Radiology Case Reports Volume 6, Issue 3, 2011

Adenocarcinoma of the female urethra: Clear-cell variant Jordan Caplan, MD; Matthew Hartman, MD; and Gina Rooker, MD Primary urethral carcinoma is a rare malignancy with an annual age-adjusted incidence rate of 1.5 per million in females in the U.S. The three main histologic subtypes include transitional-cell carcinoma, squamous-cell carcinoma, and adenocarcinoma. Of these, adenocarcinoma is the least common. Female urethral carcinomas are aggressive neoplasms with a generally poor prognosis. We report a case of the clear-cell variant of adenocarcinoma. Case report A 59-year-old Caucasian female with a past medical history of hypertension, type II diabetes, and uterine carcinoma, status posthysterectomy, presented to the urologist with hematuria for over one year. She denied any weight loss or constitutional symptoms. A prior evaluation at an outside institution, including several cystoscopies and a CT scan, reportedly failed to reveal any abnormality. On physical exam, she had a palpable, firm, 3-4-cm mass on the right aspect of the urethra. Bloody drainage was expressed from the urethral meatus on palpation. Cystoscopy revealed extrinsic compression of the urethra. Gadolinium-enhanced pelvic MRI revealed a 3.4 x 3.3 x 3.9-cm infiltrative mass in the region of the urethra. The mass was T2 hyperintense (Fig. 1), T1 hypointense (Fig. 2), and demonstrated slightly heterogeneous enhancement (Figs. 3 and 4). An incomplete fat plane was identified between the mass and the urinary bladder, with possible vesicular invasion identified on the sagittal images (Fig. 3). No lymphadenopathy was detected. The patient underwent radical cystectomy and bilateral pelvic lymphadenectomy. Surgical pathology revealed a Figure 1. 59-year-old female with adenocarcinoma, clearcell variant. T2 fat-saturated MR image in the coronal plane demonstrates a mass (*) inferior to the urinary bladder (#).

Citation: Caplan J, Hartman M, Rooker G. Adenocarcinoma of the female urethra: Clear-cell variant. Radiology Case Reports. (Online) 2011;6:490. Copyright: © 2011 The Authors. This is an open-access article distributed under the terms of the Creative Commons Attribution-NonCommercial-NoDerivs 2.5 License, which permits reproduction and distribution, provided the original work is properly cited. Commercial use and derivative works are not permitted.

3.6-cm, poorly differentiated, urethral adenocarcinoma, clear-cell variant (Figs. 5 and 6). It was the urologist’s opinion that the tumor had originated within a urethral diverticulum, due to its location and the fact that the mass appeared to be encapsulated and without any vesicular or urethral invasion. “A diverticulum

Dr. Caplan and Dr. Hartman are in the Department of Radiology, Allegheny General Hospital, Pittsburgh PA. Dr. Rooker is associated with Triangle Urological Associates, Pittsburgh PA. Contact Dr. Caplan at [email protected] Competing Interests: The authors have declared that no competing interests exist. DOI: 10.2484/rcr.v6i3.490

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Adenocarcinoma of the female urethra: Clear-cell variant replaced with neoplasm” was the urologist’s characterization. This suspicion was not borne out following pathological analysis, which showed invasion through the periurethral muscle and direct extension into the bladder neck. One left and six right pelvic lymph nodes were submitted, all of which were found to be benign. Discussion The female urethra is an approximately 4cm-long tubular conduit lined by transitional epithelium in its proximal third and stratified squamous epithelium in its distal two-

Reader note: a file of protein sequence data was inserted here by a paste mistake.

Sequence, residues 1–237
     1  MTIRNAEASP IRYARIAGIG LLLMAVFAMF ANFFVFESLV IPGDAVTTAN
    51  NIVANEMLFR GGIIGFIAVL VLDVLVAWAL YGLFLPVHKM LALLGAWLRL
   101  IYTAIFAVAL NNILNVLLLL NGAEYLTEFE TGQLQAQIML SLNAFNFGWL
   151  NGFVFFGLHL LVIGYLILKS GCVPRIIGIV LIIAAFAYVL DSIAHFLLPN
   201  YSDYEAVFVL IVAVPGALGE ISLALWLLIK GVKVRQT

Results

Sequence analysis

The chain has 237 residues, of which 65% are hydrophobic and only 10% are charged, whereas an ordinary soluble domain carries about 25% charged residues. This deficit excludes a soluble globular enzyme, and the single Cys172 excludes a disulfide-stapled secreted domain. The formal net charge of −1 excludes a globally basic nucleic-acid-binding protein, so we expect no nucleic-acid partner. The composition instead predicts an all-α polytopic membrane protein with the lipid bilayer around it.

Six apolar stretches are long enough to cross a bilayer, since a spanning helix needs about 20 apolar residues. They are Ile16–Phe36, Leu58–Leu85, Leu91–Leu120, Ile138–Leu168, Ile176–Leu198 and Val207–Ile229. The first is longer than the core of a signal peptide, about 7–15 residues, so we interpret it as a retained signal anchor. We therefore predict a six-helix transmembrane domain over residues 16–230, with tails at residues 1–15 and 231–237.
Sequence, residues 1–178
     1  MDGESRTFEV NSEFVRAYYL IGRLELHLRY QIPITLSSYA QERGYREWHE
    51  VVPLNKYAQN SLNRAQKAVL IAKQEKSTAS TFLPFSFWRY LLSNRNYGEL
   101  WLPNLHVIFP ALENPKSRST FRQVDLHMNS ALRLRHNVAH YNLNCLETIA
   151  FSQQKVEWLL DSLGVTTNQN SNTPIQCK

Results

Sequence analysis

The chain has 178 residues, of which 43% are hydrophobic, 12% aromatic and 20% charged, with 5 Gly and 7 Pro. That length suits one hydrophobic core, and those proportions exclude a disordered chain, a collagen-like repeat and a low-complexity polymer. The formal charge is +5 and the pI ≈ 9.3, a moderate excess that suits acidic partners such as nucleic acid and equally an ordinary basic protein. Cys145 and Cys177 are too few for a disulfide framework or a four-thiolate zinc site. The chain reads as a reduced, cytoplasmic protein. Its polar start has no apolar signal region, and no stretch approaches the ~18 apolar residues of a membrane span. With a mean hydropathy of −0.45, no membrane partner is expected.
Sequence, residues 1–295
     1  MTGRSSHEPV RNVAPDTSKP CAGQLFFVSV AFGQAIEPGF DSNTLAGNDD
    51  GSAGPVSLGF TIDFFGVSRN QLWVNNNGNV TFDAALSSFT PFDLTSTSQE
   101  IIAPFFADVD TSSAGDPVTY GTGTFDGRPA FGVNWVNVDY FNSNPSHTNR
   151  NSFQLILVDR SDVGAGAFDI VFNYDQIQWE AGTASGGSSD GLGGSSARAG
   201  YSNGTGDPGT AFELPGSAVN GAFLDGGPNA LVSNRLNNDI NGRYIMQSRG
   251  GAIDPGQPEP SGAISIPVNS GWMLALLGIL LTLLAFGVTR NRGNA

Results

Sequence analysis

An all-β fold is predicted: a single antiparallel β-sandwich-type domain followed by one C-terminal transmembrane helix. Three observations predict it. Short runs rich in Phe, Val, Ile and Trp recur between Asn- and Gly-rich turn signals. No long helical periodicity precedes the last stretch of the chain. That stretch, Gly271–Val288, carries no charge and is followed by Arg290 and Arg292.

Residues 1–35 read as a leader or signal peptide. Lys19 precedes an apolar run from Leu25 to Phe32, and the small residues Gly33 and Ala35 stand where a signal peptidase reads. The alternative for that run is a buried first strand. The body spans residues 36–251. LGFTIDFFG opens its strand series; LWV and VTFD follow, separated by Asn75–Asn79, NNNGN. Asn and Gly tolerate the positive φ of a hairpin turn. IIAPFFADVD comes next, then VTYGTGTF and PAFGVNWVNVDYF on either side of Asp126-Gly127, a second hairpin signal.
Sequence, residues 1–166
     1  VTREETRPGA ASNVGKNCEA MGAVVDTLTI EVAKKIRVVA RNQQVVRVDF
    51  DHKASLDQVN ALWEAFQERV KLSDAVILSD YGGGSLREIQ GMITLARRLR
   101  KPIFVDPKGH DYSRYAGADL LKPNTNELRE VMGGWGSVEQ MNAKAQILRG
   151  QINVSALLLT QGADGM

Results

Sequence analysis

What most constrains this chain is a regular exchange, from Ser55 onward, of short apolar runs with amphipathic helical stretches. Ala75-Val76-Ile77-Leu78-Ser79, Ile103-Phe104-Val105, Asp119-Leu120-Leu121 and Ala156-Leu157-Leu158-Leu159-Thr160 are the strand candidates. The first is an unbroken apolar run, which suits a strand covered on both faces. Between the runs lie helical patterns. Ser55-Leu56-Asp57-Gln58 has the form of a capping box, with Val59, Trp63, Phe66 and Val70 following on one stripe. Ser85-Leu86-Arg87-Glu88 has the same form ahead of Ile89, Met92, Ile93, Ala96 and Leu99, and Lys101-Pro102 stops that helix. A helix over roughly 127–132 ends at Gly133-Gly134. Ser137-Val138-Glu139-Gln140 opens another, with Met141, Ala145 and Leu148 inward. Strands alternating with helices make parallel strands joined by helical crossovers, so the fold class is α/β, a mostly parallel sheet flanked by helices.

Figure 2. 59-year-old female with adenocarcinoma, clearcell variant. T1-weighted MR image in the sagittal plane demonstrates a low-signal 3.9-cm mass (*) inferior to the urinary bladder (#).

Figure 4. 59-year-old female with adenocarcinoma, clearcell variant. Axial, T1 fat-saturated postcontrast MR image demonstrates heterogeneous enhancement of the infiltrative periurethral mass (*).

thirds. Urethral carcinomas are rare neoplasms, representing less than 0.02% of all malignancies in women and with an annual age-adjusted incidence rate of 1.5 per million females in the U.S. (1, 2). These neoplasms may present as exophytic, papillary, fungating masses or infiltrating tumors (3). Risk factors include infection with the human papilloma virus and urethral diverticula (1). These malignancies typically affect postmenopausal patients, whose symptoms may include a mass, dyspareunia, dysuria, hematuria, or partial obstruction (4). Imaging can be extremely helpful in the workup of women presenting with urethral symptoms, as the clinical assessment is often difficult. High-resolution multiplanar magnetic resonance (MR) imaging with phased-array pelvic and endovaginal coils demonstrates the urethral anatomy in detail and provides an accurate road map for surgeons (3). However, imaging features cannot distinguish between histologic subtypes, and histopathologic analysis is required for definitive diagnosis. Tumor histology depends on the site of origin within the urethra. Transitional-cell carcinoma occurs more commonly in the proximal one-third. Squamous-cell carcinoma and adenocarcinoma are more common in the distal twothirds. Squamous-cell carcinoma is the most common sub-